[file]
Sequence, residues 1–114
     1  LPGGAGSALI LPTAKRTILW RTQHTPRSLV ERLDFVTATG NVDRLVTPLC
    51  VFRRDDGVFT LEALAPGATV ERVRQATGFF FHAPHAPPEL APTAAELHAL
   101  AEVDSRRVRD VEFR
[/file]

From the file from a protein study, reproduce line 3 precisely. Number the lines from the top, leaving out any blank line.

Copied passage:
    51  VFRRDDGVFT LEALAPGATV ERVRQATGFF FHAPHAPPEL APTAAELHAL